The International Cometary Explorer, that is.
I want to celebrate this remarkable mission that IMHO deserves more attention than it gets for the many firsts it achieved:
- First spacecraft in a halo orbit at a Lagrange point (Earth-Sun L1).
- First to detect the solar wind approaching Earth
- First spacecraft to utilize the instability of the Earth-Moon and Earth-Sun Lagrange points for orbital maneuvering.
- First comet flyby.
- Maybe the first interplanetary spacecraft that returns to Earth without that being the plan from the outset.
ICE started out as ISEE-3, or International Sun-Earth Explorer 3, one of a set of three missions launched in the late 1970's to investigate the Sun/Earth interactions at the boundary of Earth's magnetosphere and the solar wind.
The other two satellites ISEE-1, build by NASA, and ISEE-2, build by ESA, were launched in 1977 and orbited the Earth in almost identical eccentric orbits with a period of 57 hours. ICEE-3, however, was launched into an elliptical halo orbit around the Earth-Sun L1 Lagrange point about 1.5 million kilometer or 235 Earth-radii from Earth towards the Sun and was the first ever spacecraft to do so. The observations of the three spacecraft then allowed to map the effects of the solar wind on Earth's magnetosphere.
The spacecraft carried a set of complimentary instruments to observe plasmas, energetic particles, waves, and fields emitted by the sun and interacting with the terrestial magnetosphere. This made ISEE-3 the first explorer to observe solar weather as it approached Earth in near interplanetary space. The instruments onboard included an x-ray spectrometer from the University of California and the Goddard gamma-ray burst spectrometer, which represented the first successful flight of a high purity germanium detector on a satellite (see the mission homepage for details, I'm just quoting this verbatim here). It provided an order of magnitude improvement in the measurement of spectral properties of gamma-ray bursts than any previously flown detector. The mission did not, however, require an imaging instrument (what laypersons like me would call "camera").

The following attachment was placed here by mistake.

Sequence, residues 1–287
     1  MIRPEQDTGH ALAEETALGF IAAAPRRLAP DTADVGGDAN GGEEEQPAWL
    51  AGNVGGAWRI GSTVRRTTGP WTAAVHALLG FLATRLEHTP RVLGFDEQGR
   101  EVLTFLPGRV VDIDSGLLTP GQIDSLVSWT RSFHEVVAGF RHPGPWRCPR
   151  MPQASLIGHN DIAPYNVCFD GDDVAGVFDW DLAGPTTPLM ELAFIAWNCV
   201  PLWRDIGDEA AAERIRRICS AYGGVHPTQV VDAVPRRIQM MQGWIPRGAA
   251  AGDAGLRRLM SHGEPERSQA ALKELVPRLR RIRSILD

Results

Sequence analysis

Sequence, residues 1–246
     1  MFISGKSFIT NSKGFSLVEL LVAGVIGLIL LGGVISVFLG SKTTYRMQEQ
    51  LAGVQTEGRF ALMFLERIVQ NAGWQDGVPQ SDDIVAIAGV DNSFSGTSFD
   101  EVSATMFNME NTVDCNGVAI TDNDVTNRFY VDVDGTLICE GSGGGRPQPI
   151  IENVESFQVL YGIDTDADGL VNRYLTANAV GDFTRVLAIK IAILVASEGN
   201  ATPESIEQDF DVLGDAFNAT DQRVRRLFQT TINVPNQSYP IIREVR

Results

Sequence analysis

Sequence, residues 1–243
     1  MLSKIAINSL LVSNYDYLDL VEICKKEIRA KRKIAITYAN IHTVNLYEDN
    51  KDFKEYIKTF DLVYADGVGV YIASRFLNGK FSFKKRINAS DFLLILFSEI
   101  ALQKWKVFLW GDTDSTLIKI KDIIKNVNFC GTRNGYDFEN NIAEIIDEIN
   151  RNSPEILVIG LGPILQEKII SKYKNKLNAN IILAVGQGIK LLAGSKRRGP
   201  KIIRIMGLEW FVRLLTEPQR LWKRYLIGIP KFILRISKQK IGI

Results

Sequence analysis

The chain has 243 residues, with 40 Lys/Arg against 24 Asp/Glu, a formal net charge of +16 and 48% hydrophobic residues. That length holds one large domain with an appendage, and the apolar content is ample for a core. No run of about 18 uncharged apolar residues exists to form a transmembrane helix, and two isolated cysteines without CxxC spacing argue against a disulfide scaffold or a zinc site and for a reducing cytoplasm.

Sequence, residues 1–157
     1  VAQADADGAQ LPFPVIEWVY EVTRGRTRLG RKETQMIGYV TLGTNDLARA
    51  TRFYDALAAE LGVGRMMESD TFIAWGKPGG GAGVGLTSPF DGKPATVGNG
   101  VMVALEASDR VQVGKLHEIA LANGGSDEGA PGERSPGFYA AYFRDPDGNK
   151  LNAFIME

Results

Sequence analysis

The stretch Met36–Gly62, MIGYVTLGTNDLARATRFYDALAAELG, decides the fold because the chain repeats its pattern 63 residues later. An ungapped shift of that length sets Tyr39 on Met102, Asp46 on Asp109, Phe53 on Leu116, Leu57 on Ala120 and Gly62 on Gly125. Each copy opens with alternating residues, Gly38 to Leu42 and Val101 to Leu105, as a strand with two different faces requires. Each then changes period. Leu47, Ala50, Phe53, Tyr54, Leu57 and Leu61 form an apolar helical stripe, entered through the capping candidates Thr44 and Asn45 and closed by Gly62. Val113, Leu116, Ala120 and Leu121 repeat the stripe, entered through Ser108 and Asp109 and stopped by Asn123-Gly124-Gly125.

With these capable high-energy spectrometers ISEE-3 also served as part of the Interplanetary Network (IPN), an effort to locate the origins of gamma-ray bursts by triangulation trough long baseline interferometry. This network consisted of multiple spacecraft equipped with gamma ray detectors widely spaced across the solar system to provide the necessary baseline for precisely measurement of the point of origin of each captured gamma-ray burst. The first such network included apart from ISEE-3 the solar probe Helios-2, the Venus probes Pioneer Venus and it's Soviet counterparts Venera 11 and 12, as well as Prognoz-7 in Earth orbit, thus completing the Sun-Venus-Earth triangle necessary for directional measurements. This network detected 83 bursts until its end in 1980. This represents the first time a scientific instrument was implemented that reached across the whole inner solar system, and so could be chalked up as another first for ISEE-3.